Rabbi Doniel Staum, LMSW
Rabbi, Kehillat New Hempstead
Yosef Begun, the noted Russian refusenik, wrote of his experiences:
“It was in the grim Russian winter of 1971 that I celebrated my first real Hanukkah, in prison.
“I was confined in the notorious Moscow prison, Matroska Tichina, in the company of a rather large number of fellow Jews. Needless to say, a Moscow prison is not the most auspicious place to celebrate a Jewish holiday…
“Hanukkah was approaching. Getting into the spirit, we enthusiastically discussed battles and the ultimate triumph of the Maccabees. One of our more Judaically advanced cellmates gave us insightful lessons about the laws and customs of the Festival of Lights. It goes without saying that we had no prayer books or other items with which to celebrate a Jewish holiday. Hanukkah is supposed to be a holiday of gift-giving, family gatherings, dreidels and songs. We had no practical means of celebration, and that saddened us deeply.
“Fortunately, we had among us a man who was a wizard at handicraft. Valery Krijzak - now an engineer living in Jerusalem - had truly golden hands…. For Hanukkah, Krijzak made a wonderful dreidel out of bread, engraving the four Hebrew initials for ness gadol haya sham ("a great miracle happened there"). But it was the day before Hanukkah and we still didn`t have any candles with which to fulfill the mitzvah of the Festival of Lights to commemorate the Jewish victory of over two thousand years ago. And without those lights, Hanukkah is not Hanukkah.
“But then the miracle of Hanukkah took place in our days in our cell. Without saying a word to us, Krijzak began to bang on the cell door, calling for the guard. When the small aperture was opened, he began to wail, "Call the doctor. I`m in terrible pain." Within ten minutes, the prison medic arrived. Krijzak moaned, "Doctor, I am having a terrible hemorrhoid attack. Please give me some suppositories."
“Fifteen minutes later, Krijzak received several suppositories. Now we had the material from which to make candles. The rest was purely technical. We pulled out threads from our prison garb and rolled them together to make wicks. Then we placed the wax-based suppositories on our aluminum spoons and lit them with matches (prisoners were permitted to have cigarettes and matches) and melted them down. We placed the makeshift wicks into the wax, which we then shaped into candles. We stuck the candles on a plate, which we then placed on the table.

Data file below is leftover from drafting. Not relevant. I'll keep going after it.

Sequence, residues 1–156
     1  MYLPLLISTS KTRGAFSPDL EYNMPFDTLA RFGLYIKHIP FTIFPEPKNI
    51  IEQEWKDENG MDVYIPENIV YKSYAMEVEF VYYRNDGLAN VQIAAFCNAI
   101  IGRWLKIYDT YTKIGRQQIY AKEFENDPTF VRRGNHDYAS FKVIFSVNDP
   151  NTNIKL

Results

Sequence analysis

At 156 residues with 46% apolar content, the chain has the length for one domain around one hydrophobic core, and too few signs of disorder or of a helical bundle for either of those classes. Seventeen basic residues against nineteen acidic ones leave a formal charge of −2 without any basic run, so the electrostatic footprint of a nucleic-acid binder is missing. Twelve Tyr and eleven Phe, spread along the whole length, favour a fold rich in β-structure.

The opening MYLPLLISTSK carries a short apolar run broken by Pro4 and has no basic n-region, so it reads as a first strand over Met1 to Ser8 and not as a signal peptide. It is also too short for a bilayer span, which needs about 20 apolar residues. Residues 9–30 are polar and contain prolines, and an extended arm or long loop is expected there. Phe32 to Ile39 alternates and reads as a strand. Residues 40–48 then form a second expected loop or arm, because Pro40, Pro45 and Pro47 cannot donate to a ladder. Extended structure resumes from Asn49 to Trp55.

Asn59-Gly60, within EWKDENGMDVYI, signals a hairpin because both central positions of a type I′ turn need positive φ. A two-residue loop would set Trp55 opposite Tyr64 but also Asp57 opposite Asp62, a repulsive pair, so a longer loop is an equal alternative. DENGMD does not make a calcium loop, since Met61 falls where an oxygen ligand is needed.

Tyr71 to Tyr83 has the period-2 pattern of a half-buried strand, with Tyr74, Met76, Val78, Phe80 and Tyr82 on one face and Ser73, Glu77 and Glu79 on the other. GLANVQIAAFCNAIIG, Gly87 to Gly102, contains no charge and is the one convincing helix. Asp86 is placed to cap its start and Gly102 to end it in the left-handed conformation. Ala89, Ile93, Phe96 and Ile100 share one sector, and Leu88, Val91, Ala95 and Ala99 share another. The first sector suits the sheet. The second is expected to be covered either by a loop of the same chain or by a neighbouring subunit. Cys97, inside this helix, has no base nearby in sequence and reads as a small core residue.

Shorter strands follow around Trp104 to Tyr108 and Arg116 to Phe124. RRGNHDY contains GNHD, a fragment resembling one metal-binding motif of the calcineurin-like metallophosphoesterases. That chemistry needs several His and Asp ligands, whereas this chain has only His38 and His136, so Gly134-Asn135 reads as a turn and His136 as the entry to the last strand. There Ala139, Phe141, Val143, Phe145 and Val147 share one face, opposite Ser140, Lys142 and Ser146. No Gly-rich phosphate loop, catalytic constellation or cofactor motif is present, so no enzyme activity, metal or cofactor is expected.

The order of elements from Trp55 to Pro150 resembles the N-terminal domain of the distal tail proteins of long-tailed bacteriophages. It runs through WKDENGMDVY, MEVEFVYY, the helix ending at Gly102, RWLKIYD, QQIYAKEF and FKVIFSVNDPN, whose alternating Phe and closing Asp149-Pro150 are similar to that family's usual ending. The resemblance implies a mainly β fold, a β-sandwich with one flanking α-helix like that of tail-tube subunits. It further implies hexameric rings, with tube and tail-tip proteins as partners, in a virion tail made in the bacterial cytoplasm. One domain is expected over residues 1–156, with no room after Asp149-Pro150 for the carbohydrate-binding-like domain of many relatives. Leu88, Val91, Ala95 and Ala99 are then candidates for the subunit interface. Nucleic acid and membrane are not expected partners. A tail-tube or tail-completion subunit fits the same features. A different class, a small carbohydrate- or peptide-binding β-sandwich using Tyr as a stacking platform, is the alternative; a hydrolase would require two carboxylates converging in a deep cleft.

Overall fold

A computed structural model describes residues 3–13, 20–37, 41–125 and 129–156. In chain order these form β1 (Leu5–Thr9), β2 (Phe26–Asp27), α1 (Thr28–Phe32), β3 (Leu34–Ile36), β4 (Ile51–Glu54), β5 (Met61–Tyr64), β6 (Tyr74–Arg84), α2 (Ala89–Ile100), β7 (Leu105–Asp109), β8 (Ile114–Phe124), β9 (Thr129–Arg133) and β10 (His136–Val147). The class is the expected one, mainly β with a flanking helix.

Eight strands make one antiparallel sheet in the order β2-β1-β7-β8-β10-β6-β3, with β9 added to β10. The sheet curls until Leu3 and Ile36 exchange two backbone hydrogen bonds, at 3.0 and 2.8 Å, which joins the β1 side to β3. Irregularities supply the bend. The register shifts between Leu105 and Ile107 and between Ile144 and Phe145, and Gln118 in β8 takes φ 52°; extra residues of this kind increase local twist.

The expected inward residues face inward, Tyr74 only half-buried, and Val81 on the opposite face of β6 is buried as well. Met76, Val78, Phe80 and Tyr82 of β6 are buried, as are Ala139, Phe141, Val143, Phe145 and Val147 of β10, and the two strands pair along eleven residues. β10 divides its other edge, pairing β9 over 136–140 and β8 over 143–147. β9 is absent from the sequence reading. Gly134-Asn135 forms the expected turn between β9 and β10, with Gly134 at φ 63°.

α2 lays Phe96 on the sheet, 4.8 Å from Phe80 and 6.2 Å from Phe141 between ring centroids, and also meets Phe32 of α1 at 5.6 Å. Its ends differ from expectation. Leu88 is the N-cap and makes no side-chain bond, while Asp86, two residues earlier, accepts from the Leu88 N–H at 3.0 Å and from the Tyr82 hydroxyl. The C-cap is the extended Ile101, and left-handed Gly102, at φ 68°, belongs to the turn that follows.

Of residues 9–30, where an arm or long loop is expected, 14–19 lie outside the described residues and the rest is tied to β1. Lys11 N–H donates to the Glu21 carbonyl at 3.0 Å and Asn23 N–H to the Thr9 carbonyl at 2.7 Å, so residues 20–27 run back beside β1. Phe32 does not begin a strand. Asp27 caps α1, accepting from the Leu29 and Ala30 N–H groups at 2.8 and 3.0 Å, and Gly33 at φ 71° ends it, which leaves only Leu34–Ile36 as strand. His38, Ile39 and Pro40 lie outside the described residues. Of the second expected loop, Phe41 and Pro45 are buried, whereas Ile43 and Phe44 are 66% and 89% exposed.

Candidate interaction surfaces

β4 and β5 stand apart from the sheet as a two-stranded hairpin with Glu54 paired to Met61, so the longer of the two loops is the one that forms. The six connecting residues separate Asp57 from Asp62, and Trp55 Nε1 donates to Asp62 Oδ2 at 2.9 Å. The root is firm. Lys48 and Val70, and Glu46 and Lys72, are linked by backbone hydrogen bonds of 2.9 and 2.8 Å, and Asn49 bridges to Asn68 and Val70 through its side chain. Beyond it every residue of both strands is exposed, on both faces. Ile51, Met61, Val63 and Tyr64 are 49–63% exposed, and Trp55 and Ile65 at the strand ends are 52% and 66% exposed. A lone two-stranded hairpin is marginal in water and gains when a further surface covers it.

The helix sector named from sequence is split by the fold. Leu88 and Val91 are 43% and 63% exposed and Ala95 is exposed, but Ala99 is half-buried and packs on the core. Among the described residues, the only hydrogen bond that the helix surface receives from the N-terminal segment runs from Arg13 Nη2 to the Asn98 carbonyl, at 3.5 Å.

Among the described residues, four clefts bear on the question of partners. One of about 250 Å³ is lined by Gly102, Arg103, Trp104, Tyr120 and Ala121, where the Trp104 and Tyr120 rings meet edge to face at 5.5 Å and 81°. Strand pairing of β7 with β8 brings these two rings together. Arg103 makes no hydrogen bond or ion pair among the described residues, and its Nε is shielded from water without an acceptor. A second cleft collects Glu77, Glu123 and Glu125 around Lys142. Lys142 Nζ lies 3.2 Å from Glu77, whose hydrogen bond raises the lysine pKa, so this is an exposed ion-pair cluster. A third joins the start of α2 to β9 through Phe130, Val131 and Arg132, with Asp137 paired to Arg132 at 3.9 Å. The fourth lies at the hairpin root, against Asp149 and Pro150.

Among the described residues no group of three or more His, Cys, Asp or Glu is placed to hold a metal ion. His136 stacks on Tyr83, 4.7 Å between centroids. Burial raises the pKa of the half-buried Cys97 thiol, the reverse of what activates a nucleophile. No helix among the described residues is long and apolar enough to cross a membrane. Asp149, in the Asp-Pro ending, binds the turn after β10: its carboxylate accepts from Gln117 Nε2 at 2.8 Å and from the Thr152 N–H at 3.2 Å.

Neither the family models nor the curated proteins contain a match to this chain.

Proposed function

“Filled with pride, we sat around our glowing table and sang Maoz Tzur. We sang more Hanukkah songs, talked about the Maccabees` revolt and spun the dreidel. We all had an immense feeling of closeness to each other and a strong sense of unity with our fellow Jews.
“We may have been cut off from the rest of the world, enclosed behind thick steel doors, but we were still with our people.”
The story of Yosef and the brothers is from the most captivating accounts in the entire Torah. The dispute between these most righteous of men is almost incomprehensible. The explanations of the great commentaries not withstanding, we still are left with a vague understanding of what transpired.
It is not only the Torah’s narrative of the story of Yosef which is difficult to understand, but also the story of Yehuda. The Torah interrupts its detailed account of the story of Yosef to relate what occurred with Yehuda.
The brothers were aware that the future monarchy was destined to emerge from Yehuda and they granted him a certain level of leadership. It was Yehuda’s suggestion that they sell Yosef to passing merchants. When the brothers saw Yaakov’s unmitigated grief and refusal to be consoled they challenged Yehuda’s leadership; “Had you told us to bring Yosef home we would have listened to you.” As a result of their disenchantment with Yehuda he departed from the brothers and settled in Abdulam.
In Adulam Yehuda married and had three sons. His oldest son Er married a woman named Tamar and died. Then his second son Onan married Tamar and he died as well. Yehuda feared for his third son Shaylah’s life and sent Tamar back to her father’s home.
Tamar was a righteous woman and knew, through Divine Prophecy, that the Davidic monarchy was destined to descend from her. She understood that Satan was doing his utmost to prevent that union from occurring. She decided that she had to utilize unconventional means to lure Yehuda into being with her. She posed as a woman of ill repute and sat at the fork of the road as Yehuda approached.
The Medrash relates that under normal circumstances Yehuda would never have succumbed to desire. “Rabbi Yochanan said, ‘Yehuda sought to pass by Tamar. The Holy One, blessed is He, dispatched the angel of desire to entrap him. The angel said to Yehuda, ‘Where are you going? From where will kings arise? From where will great men arise?’ Yehuda then detoured to her by the road. He was coerced, against his good sense.”